Research in progress presentations



What makes a good research presentation?  A set of skills that some people seem to develop intuitively. However, most of us have to work at it. Here are a few tips:

CONTENT: Think about ……

  • length: don’t try to include too much.
  • timing: respect time limits – your audience members will have other things to do
  • aims and focus: make them explicit at the beginning
  • making the topic accessible to the audience

The key skill is to include exactly the right amount of material. Most speakers prepare too much and find there is little time left for an interesting Q and A session at the end.

STRUCTURE and COHERENCE: Think about …

  • your introduction: in which you can provide an overview of your talk
  • your  conclusion: a strong ending will leave  positive impression
  • signposting of different sections
  • highlighting really important points
  • use of slides, handouts and other visual aids
  • how you will support your arguments with evidence
  • how you will make your own standpoint clear

The key skill is to organize your presentation so that the information and arguments will be presented in a balanced and accessible way. You can achieve this through a combination of spoken words, Powerpoint slides, handouts, pictures, charts, maps and diagrams.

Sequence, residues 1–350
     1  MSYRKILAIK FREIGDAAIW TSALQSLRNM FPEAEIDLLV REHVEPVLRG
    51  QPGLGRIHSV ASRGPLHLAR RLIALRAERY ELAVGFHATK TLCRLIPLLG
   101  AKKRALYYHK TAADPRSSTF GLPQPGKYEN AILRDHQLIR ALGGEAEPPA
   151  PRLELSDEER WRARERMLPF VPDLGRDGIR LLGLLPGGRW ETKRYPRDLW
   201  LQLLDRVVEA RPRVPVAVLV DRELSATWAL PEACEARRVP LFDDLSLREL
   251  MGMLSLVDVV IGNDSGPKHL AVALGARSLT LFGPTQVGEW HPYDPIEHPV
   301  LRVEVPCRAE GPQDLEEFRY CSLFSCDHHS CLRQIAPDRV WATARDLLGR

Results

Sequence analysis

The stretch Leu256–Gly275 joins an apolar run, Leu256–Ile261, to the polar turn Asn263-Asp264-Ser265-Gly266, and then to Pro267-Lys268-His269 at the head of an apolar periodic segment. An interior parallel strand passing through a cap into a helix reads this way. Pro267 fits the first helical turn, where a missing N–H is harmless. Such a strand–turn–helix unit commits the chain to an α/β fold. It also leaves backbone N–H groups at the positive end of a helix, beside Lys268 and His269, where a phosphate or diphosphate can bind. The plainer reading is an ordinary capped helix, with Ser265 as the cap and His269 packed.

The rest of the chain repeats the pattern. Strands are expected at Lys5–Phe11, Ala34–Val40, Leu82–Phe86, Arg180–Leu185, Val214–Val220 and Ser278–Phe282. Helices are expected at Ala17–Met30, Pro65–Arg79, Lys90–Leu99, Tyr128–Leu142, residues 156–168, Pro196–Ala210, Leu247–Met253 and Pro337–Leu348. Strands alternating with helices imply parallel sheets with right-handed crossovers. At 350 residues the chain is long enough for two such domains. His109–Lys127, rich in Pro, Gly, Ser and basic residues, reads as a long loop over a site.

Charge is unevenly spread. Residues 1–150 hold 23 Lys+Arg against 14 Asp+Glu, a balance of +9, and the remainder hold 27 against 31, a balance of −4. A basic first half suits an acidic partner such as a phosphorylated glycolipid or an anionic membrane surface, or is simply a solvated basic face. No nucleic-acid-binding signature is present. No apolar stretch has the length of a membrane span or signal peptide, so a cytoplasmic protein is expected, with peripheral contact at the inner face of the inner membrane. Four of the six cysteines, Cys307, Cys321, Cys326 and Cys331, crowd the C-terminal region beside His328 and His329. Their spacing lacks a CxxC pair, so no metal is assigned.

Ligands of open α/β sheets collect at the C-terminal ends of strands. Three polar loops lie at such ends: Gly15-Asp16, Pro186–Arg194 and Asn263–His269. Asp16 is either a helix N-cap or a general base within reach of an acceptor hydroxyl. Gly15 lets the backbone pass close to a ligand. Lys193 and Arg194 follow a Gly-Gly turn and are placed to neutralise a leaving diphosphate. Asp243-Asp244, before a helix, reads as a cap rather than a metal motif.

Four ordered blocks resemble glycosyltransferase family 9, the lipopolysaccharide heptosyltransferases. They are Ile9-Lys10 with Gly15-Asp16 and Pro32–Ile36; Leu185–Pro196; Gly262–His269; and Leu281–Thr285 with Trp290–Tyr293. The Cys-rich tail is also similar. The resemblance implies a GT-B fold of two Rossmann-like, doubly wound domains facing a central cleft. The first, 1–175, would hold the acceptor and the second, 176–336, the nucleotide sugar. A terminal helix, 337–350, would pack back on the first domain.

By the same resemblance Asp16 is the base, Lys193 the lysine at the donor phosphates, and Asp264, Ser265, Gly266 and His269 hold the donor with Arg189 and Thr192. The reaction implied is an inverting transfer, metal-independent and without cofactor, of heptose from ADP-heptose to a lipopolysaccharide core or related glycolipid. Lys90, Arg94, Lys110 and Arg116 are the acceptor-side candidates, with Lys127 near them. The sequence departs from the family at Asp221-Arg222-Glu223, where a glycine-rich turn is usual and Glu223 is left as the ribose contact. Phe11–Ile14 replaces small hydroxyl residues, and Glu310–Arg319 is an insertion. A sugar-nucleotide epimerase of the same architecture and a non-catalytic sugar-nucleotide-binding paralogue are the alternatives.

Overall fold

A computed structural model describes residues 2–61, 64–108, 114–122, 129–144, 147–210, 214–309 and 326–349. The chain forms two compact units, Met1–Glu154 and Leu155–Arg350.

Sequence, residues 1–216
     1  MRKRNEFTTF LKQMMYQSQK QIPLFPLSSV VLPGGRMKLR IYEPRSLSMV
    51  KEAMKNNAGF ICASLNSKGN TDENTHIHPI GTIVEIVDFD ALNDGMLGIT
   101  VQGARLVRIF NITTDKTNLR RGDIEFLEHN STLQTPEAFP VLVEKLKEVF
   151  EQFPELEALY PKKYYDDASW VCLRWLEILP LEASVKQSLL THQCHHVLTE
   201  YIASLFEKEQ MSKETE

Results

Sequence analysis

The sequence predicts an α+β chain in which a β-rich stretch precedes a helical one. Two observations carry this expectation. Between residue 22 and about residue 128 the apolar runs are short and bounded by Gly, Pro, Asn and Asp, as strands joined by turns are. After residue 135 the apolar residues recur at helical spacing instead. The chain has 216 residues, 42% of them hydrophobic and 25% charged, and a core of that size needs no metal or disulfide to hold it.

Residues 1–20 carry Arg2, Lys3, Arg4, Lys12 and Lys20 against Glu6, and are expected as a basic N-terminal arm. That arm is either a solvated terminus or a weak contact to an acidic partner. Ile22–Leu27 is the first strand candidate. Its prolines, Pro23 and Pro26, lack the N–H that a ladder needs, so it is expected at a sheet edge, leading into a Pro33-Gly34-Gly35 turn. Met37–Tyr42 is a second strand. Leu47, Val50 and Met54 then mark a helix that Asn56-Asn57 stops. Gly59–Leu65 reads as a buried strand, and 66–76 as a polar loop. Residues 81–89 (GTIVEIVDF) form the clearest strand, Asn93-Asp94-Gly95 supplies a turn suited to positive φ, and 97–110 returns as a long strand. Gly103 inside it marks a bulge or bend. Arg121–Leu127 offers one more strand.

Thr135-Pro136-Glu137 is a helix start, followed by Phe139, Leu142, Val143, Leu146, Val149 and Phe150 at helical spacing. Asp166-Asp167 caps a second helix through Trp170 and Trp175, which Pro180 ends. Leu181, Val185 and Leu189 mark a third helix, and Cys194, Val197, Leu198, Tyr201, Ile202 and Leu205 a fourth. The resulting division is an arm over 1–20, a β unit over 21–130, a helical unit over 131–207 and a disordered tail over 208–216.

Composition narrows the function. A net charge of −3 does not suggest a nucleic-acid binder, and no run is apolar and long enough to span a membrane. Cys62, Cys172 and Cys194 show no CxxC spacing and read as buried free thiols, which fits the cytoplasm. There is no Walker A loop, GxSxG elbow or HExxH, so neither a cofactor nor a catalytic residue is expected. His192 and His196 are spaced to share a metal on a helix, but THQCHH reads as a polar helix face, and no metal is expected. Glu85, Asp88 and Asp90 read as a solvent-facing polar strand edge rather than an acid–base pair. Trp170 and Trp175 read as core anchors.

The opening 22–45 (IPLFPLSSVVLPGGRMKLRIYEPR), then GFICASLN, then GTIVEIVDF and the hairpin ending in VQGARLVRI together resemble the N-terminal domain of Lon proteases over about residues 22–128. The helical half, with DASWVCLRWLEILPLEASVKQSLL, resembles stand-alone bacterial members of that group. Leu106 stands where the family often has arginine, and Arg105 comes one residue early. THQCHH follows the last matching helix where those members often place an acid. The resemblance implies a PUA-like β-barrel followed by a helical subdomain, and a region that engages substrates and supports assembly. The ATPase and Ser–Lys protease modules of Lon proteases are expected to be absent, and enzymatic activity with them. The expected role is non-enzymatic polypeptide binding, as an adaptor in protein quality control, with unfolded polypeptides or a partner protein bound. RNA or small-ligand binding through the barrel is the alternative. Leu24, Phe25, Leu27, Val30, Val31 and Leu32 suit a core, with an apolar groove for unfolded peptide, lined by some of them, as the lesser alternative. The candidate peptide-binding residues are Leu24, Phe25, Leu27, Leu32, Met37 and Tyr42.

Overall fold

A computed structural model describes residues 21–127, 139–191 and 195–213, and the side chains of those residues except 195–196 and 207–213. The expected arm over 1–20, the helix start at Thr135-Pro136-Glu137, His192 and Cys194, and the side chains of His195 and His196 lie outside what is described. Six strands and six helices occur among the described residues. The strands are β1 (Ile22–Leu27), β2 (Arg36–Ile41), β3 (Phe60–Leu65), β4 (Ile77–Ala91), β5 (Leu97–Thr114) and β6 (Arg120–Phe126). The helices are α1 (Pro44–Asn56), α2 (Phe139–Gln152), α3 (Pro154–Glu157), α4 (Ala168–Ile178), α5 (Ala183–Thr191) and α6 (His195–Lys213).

• Use of body language: to communicate enthusiasm and confidence to your audience
  • Use of voice: varying speed of delivery, intonation, word stress
  • Avoidance of redundancy and unintended repetition
  • Pronunciation of unfamiliar words
  • Highlighting of key words
  • Interactive skills when dealing with questions
  • Achieving a positive rapport with the audience

The most important skill is the last one. Audiences will appreciate it when they feel that you are talking to them rather than to your notes, Powerpoint slides or the ceiling. It is important to look at your audience to check for positive or negative feedback signs. Nodding the head in agreement is a good sign. Looking at a watch or a mobile phone is usually not. To achieve rapport you may have to depart from your intended script from time to time: it is never a good idea to prepare your words 100% in advance and then deliver them without modification in response to audience feedback.


Although there is no fixed format for this type of presentation, you will probably wish to include a mix of the following:

  • Your research topic or draft title
  • Your reasons for choosing this topic (and for rejecting other possibilities)
  • Your research questions and claims
  • Your research methodology and data collection methods
  • Influential sources: theoretical frameworks and/or individual writers
  • Your findings or expected findings
  • Problems encountered in the process of your research with solutions adopted